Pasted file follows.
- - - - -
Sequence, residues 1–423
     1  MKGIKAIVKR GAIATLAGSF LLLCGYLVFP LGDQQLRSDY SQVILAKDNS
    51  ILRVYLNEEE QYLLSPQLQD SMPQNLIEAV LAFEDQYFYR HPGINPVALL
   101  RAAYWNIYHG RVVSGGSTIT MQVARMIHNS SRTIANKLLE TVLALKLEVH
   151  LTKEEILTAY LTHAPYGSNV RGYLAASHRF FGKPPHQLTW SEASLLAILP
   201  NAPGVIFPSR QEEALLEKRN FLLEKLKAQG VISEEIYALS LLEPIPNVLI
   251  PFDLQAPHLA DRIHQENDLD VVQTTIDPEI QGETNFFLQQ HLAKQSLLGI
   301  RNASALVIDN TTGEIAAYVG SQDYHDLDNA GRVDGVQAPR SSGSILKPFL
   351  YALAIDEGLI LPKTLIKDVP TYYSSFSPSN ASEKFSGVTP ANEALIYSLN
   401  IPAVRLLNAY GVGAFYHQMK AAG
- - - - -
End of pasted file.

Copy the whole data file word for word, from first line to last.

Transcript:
Sequence, residues 1–423
     1  MKGIKAIVKR GAIATLAGSF LLLCGYLVFP LGDQQLRSDY SQVILAKDNS
    51  ILRVYLNEEE QYLLSPQLQD SMPQNLIEAV LAFEDQYFYR HPGINPVALL
   101  RAAYWNIYHG RVVSGGSTIT MQVARMIHNS SRTIANKLLE TVLALKLEVH
   151  LTKEEILTAY LTHAPYGSNV RGYLAASHRF FGKPPHQLTW SEASLLAILP
   201  NAPGVIFPSR QEEALLEKRN FLLEKLKAQG VISEEIYALS LLEPIPNVLI
   251  PFDLQAPHLA DRIHQENDLD VVQTTIDPEI QGETNFFLQQ HLAKQSLLGI
   301  RNASALVIDN TTGEIAAYVG SQDYHDLDNA GRVDGVQAPR SSGSILKPFL
   351  YALAIDEGLI LPKTLIKDVP TYYSSFSPSN ASEKFSGVTP ANEALIYSLN
   401  IPAVRLLNAY GVGAFYHQMK AAG